Thirdmill Study Bible

Notes on Luke 22:63-23:2

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Luke 22:63

mocked. Perhaps for his Galilean accent (1:26) or his belief that he was the promised Christ. beat. Not the proper treatment of prisoners.

Luke 22:64

The people thought Jesus was a prophet (7:16, 39; 9:8, 19; 24:19). Now, he should prove it. Their cruelty was especially demeaning toward Jesus.

Luke 22:65

It was sadly ironic that those who condemned Jesus as a blasphemer were themselves the worst offenders of blasphemy to ever walk the earth. They did not simply defy God's law (6:8), or reject God's wisdom (7:35), they derided and mocked God himself (see note on 1:35). Yet, Jesus never spoke against them (Isa. 53:7).

Luke 22:66

Secret trials were not permitted by Jewish law. Thus, the trial could not commence until early morning. elders. See note on 7:3. chief priests. See note on 7:3. scribes. See note on 5:17. council. The Jewish ruling body called the Sanhedrin (see note on 20:1).

Luke 22:67

Christ. The promised Messiah of the Old Testament, also called the Messiah (see note on 2:11). will not believe. Through preaching and miracles, Jesus had already shown them his identity. Yet, they refused to believe.

Luke 22:68

If Jesus would ask his accusers about his authority, they would remain silent as before (20:3-8).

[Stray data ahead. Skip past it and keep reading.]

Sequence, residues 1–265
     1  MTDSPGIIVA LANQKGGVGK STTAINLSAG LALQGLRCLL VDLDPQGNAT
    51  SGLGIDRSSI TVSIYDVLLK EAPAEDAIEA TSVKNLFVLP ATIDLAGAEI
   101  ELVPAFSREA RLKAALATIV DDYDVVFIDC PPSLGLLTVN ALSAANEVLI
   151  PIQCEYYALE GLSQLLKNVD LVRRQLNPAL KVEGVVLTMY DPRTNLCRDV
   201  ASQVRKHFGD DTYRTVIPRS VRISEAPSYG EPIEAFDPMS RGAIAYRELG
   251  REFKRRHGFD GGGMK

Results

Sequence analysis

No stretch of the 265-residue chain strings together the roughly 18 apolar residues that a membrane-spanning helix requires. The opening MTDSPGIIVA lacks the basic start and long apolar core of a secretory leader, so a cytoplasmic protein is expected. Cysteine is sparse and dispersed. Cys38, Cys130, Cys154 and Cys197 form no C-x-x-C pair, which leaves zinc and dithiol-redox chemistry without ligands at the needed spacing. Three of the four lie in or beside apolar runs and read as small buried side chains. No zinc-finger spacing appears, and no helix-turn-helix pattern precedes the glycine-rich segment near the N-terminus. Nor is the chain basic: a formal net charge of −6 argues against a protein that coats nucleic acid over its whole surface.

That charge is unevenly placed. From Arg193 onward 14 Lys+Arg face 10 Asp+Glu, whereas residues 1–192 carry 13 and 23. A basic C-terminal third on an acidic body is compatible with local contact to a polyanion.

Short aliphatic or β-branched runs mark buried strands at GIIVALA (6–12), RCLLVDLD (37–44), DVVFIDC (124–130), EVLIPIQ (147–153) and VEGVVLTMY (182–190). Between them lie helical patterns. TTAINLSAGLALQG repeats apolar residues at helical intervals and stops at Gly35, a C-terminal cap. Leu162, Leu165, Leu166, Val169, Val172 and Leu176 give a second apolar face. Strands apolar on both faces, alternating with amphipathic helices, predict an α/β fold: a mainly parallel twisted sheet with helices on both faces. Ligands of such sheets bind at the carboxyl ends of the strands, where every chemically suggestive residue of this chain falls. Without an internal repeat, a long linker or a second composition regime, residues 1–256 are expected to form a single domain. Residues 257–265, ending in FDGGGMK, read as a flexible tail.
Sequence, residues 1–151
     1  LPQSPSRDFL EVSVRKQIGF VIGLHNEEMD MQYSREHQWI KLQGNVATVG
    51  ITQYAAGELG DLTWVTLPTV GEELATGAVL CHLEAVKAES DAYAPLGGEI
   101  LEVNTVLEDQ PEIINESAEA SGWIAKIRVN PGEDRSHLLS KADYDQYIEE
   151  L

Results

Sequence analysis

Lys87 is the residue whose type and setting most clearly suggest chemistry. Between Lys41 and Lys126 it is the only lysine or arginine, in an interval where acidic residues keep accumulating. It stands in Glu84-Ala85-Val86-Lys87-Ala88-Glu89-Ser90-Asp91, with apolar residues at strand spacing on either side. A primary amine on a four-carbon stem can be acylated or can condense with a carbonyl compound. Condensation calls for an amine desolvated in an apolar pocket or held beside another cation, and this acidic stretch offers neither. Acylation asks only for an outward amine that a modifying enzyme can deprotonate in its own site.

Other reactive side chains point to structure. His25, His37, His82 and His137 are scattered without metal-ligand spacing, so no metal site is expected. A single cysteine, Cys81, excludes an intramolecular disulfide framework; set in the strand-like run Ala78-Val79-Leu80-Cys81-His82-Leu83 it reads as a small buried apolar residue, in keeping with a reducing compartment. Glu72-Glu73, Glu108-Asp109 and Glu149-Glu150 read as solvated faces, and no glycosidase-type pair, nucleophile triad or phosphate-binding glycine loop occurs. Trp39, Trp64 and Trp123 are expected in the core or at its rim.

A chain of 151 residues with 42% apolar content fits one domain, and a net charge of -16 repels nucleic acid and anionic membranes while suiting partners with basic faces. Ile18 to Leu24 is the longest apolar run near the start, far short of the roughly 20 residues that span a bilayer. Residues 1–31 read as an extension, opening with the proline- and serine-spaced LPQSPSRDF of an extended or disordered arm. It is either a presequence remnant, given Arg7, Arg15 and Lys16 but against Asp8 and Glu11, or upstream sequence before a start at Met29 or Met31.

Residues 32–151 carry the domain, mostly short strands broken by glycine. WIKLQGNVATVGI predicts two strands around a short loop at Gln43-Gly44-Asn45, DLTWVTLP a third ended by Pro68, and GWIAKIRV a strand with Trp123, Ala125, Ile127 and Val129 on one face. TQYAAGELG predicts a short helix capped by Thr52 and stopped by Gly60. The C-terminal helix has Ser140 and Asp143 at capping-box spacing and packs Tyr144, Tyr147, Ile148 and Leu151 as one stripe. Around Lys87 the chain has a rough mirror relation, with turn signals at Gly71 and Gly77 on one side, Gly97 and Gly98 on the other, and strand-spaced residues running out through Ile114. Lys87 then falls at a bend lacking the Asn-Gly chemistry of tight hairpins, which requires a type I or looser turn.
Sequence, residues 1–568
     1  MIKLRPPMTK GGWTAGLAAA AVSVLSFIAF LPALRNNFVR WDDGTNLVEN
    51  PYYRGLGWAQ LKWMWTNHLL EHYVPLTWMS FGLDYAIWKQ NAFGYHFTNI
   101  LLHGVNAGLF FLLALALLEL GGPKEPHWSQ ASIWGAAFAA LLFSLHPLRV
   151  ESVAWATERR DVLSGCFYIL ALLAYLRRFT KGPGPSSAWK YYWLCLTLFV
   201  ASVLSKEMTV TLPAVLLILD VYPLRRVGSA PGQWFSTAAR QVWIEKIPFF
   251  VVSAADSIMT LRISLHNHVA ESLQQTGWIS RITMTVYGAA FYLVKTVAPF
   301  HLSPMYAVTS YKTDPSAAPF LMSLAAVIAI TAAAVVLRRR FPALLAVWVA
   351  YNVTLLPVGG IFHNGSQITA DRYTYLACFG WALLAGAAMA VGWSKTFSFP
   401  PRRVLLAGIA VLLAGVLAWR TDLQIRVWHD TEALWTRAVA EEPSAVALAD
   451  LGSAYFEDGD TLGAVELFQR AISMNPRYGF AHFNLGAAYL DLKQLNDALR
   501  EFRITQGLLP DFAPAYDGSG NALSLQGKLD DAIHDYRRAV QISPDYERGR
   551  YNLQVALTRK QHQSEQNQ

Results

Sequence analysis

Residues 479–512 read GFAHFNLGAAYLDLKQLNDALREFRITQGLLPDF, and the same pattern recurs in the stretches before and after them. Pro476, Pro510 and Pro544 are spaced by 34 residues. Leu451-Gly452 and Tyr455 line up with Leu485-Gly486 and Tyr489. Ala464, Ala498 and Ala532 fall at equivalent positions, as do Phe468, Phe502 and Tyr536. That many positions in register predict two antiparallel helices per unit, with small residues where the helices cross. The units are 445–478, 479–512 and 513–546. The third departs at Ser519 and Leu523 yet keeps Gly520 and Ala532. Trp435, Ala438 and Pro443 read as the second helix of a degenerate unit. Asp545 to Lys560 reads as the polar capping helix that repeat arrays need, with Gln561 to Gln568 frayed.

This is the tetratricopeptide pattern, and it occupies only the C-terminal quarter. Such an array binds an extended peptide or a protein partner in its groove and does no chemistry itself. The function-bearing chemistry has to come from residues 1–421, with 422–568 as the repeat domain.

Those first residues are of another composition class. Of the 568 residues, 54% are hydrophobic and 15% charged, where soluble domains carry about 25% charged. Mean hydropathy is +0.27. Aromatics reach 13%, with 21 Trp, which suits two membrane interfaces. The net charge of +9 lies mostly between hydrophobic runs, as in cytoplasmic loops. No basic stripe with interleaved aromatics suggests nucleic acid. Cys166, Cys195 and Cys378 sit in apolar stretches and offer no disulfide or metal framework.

Luke 22:69

Though the council wanted to judge Jesus, he would judge them. Son of Man. Jesus identified himself as the divine Son of Man who appeared in Daniel's vision (Dan. 9:13-14). In that vision, the Son of Man received an eternal kingdom from God. After his atoning death, Jesus would be exalted to rule over all things at God's right hand (Ps. 110; Phil. 2:5-11). See note on 5:22-24.

Luke 22:70

Son of God. Title for the promised Christ (v. 67) that emphasized his descent from David (see note on 1:35; 2 Sam. 7:12-16; Ps. 2). I am. Jesus affirmed that he was God's Son in a way that indicates he would have wanted to clarify the title. He was the true Christ and Son of God, not the fulfillment of their misunderstanding of such things.

Luke 22:71

Earlier, several people bore false witness against Jesus. Their testimony contradicted itself and proved untrue (Mark 14:55-59). At this point, the leaders have heard the claims for himself. They rejected Jesus as the promised Christ and condemned him of blasphemy (Mark 14:63-64).

Luke 23:1

whole company. The diversity of members among the Sanhedrin were unified against Jesus (22:66; see notes on 5:17; 20:1, 7). However, not all Jews were against Jesus (vv. 50-51). Pilate. The Roman governor over the region (see notes on 3:1; 13:1). Previously had seized Jewish temple taxes for public works projects, killed innocent Jews, and violated the temple (13:1; War 2.433). The Jewish leaders did not like Pilate, but they needed him. They wanted Jesus executed, but did not have the authority to do that apart from Pilate (John 18:31).

Luke 23:2

The accusations made against Jesus before Pilate are different than the one charge that upset the Jewish leaders. They convicted him of blasphemy (see note on 22:71; Matt. 26:65-67; John 10:30-33). But, they needed to portray Jesus as a threat to Rome in order to see him executed (see note on 23:1). Three charges were presented: turning people against Rome, refusing to pay taxes, and claiming to be a rival authority. Jesus was innocent of all these charges (vv. 4, 14-15, 22).

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